In a post that Andrew Jackson, social and economic policy director of the Canadian Labour Congress, calls "absolutely brilliant and compelling," David Harvey argues that the stimulus package is bound to fail. On the one hand, the current package is not big enough and on the other hand, the US can't finance a big enough stimulus package because of its recent debt history. Brad DeLong calls Harvey's argument "intellectual masturbation." To which Harvey responds, lamenting the arrogance of neoclassical economists.
And now, the Sandwichman jumps into the fray with his two cents worth...
A distinction needs to be made between “Keynesianism” (even Harvey’s “strong”, “true” or “full-fledged” Keynesianism) and what Keynes actually thought about economic stimulus and full employment.
Keynes viewed government investment in infrastructure as “only one particular application of an intellectual theorem”. The other two were consumption and reduction of the hours of work. We hear about the first two applications, consumption and investment, incessantly but it was the third strategy, working less, that Keynes pronounced the “ultimate solution” to full employment. See his 1943 Treasury Department memorandum on “The Long Term Problem of Full Employment” and his 1945 letter to the poet, T.S. Eliot.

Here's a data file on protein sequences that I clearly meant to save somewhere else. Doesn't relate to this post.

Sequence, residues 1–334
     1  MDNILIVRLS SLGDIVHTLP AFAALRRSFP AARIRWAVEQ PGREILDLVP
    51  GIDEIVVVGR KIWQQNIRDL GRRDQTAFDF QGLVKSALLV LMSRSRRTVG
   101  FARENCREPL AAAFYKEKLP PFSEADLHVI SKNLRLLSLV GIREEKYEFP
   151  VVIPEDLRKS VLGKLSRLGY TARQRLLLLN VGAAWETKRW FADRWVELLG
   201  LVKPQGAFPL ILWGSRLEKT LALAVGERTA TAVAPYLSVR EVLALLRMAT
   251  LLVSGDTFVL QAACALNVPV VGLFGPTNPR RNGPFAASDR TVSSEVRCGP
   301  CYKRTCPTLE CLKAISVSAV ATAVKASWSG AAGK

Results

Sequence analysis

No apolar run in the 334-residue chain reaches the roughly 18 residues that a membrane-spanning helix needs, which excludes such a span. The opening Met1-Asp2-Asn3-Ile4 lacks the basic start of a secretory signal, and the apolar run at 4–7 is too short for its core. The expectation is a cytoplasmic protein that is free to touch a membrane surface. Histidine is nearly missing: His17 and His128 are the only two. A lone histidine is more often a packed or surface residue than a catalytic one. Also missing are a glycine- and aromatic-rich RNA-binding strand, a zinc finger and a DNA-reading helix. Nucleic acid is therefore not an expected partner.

Keynes was concerned with full employment, not with economic growth. It was his successors who shifted the emphasis from the one to the other. They did so, I would argue, to suit their mathematical models more than anything. Be that as it may, in the 1970s Fred Hirsch showed how economic growth drained resources from both non-market activities and even from final consumption goods. Increased competition for scarce positional goods diverted resources into intermediate goods.
There remains a taboo against talking about work-time reduction as a possible response to the crisis. Dean Baker (he who ‘called’ the housing bubble in 2002) wrote a pair of op-ed pieces a few weeks ago in the Guardian and the New York Daily News calling for tax breaks for work time reduction. I have seen no uptake of Dean’s suggestion from the stable of liberal Keynesian economists — Krugman, et. al.